DON’T USE MICROSOFT INTERNET EXPLORER AS YOUR BROWSER! IT IS FULL OF SECURITY HOLES THAT THE REGIME CAN USE TO TRACK YOU.
Download the Firefox browser and follow these directions, provided by our friends at the Tactical Technology Collective:
Every computer on the internet has or shares an IP address. These addresses aren’t the same thing as a physical address, but they can lead a smart system administrator to your physical address. In particular, if you work for an ISP, you can often associate an IP address with the phone number that requested that IP at a specific time. So before we do anything anonymous on the Internet, we need to disguise our IP.
What to do if you want to blog from your home or work machine:
Internet Explorer has some egregious security holes that can compromise your online security. These holes tend to go unpatched for longer on IE than on other browsers. (Don’t believe me? Ask Bruce Schneier.) It’s the browser most vulnerable to spyware you might inadvertently download from a website. And many of the privacy tools being released are being written specifically to work with Firefox, including Torbutton, which we’ll be using in a future step.
Download the program from the Tor site. If access to Tor main website is blocked in your country, there are afew mirrors of it in other places where it can also be downloaded from. You can also go to Google cache for viewing the mirrors page by googlng for “site:torproject.org mirrors”. Pick the “latest stable release” for your platform and download it onto your desktop. Follow the instructions that are linked to the right of the release you downloaded. You’ll install two software packages and need to make some changes to the settings within your new installation of Firefox.
In case your internet connection blocks access to the Tor website, you can request a bundle by sending an email to the “gettor” robot at gettor [AT] torproject [DOT] org. Remember that the emails to email@example.com has to come from Gmail, otherwise they won’t get a response. Select one of the following package names and put the package name anywhere in the body of your email:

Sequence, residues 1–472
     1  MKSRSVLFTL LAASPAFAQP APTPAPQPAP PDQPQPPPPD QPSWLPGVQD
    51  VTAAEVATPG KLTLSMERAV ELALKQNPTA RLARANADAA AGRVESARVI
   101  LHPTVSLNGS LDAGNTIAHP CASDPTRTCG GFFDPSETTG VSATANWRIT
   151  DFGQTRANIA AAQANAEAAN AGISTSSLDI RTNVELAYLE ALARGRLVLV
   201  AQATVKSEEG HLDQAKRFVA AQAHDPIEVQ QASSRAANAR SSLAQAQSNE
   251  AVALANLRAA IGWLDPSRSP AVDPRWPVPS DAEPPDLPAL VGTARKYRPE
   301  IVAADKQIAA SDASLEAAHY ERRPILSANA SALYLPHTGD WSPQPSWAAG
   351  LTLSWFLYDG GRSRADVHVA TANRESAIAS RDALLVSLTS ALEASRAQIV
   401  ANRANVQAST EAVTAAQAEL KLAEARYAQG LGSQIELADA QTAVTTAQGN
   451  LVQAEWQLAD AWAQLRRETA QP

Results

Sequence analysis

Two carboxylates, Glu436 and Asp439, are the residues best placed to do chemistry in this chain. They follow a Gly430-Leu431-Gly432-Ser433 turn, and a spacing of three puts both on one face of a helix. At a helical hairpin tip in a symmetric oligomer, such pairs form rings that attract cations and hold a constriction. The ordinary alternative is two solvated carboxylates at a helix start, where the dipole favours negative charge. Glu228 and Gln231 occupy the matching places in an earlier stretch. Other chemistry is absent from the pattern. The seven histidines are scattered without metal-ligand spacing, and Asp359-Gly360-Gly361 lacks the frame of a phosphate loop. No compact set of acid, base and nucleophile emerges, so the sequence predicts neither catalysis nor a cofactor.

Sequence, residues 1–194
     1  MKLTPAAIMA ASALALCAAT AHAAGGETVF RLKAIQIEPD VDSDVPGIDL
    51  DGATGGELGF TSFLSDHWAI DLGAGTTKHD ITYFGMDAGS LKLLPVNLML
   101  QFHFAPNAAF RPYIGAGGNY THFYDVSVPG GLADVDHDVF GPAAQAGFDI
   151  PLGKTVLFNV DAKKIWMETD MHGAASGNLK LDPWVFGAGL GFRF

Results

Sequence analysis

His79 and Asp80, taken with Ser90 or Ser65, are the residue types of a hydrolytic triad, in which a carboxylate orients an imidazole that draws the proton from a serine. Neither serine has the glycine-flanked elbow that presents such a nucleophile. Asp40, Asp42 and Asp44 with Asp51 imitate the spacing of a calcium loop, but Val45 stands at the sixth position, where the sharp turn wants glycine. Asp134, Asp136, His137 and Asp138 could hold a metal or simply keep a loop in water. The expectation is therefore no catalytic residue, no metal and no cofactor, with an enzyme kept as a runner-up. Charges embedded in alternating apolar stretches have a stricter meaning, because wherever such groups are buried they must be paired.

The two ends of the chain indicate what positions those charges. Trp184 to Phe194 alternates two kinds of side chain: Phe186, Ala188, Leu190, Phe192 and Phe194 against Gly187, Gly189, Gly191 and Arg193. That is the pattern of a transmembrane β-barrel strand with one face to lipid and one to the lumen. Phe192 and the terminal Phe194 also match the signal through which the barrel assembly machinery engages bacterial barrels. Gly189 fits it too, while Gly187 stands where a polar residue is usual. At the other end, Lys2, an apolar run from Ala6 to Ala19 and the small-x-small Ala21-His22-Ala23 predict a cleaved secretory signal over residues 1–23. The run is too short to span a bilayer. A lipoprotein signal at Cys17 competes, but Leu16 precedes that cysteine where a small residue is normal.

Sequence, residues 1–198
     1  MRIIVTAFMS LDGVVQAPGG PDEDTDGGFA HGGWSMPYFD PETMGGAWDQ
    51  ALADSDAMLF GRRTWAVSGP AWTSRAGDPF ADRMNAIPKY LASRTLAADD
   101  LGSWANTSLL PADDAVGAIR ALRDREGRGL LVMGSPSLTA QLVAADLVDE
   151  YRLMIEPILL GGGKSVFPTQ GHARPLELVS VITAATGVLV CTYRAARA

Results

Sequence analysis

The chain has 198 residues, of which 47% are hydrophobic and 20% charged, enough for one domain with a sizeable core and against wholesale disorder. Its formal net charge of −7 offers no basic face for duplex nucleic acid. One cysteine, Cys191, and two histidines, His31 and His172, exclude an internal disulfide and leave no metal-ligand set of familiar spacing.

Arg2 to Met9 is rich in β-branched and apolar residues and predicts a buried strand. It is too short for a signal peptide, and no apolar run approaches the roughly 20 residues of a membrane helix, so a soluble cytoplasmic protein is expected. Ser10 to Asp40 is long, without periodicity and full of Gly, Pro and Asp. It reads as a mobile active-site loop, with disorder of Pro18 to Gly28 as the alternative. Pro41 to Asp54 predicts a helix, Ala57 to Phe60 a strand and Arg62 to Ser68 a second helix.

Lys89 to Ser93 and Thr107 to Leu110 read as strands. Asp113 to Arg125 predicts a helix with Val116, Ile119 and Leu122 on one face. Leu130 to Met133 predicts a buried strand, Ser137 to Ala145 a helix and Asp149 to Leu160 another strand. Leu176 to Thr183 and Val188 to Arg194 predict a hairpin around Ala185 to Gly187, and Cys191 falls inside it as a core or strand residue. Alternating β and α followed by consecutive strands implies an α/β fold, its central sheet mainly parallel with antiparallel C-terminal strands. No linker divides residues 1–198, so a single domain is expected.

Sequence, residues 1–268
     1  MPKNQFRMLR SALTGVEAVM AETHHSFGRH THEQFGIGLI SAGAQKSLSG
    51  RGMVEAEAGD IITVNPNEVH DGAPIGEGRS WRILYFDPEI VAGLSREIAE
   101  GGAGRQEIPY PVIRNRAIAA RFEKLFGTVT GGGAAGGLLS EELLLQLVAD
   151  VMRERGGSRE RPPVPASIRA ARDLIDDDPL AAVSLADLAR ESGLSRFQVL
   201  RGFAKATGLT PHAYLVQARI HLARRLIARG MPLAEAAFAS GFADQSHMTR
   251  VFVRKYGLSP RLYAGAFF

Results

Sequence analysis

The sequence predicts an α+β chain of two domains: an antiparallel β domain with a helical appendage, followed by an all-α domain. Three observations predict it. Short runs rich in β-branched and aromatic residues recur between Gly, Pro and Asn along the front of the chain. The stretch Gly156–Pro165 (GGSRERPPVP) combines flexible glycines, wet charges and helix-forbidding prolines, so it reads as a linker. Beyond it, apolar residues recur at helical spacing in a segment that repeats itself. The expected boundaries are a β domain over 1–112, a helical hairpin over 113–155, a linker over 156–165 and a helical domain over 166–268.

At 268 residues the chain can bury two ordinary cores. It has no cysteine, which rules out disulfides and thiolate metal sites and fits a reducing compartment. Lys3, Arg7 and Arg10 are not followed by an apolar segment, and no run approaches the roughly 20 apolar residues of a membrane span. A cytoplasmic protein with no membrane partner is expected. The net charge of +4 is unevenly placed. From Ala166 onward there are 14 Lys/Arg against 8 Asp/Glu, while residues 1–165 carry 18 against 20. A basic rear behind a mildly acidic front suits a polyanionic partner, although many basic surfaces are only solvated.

- tor-im-browser bundle
- tor-browser bundle
Shortly after sending your email, you will receive an email from “Gettor” robot with the requested software as a zip file. Unzip the package and verify the signature.
Tor is a very sophisticated network of proxy servers. Proxy servers request a web page on your behalf, which means that the web server doesn’t see the IP address of the computer requesting the webpage. When you access Tor, you’re using three different proxy servers to retrieve each webpage. The pages are encrypted in transit between servers, and even if one or two of the servers in the chain were compromised, it would be very difficult to see what webapge you were retrieving or posting to.
Tor installs another piece of software, Privoxy, which increases the security settings on your browser, blocking cookies and other pieces of tracking software. Conveniently, it also blocks many ads you encounter on webpages.
c) Install Torbutton. Read about it and install it, following the instructions on the installation page. You’ll need to be using Firefox to install it easily – from Firefox, it will simply ask you for permission to install itself from the page mentioned above.
Turning on Tor by hand means remembering to change your browser preferences to use a proxy server. This is a muiltistep process, which people sometimes forget to do. Torbutton makes the process a single mouse click and reminds you whether you’re using Tor or not, which can be very helpful.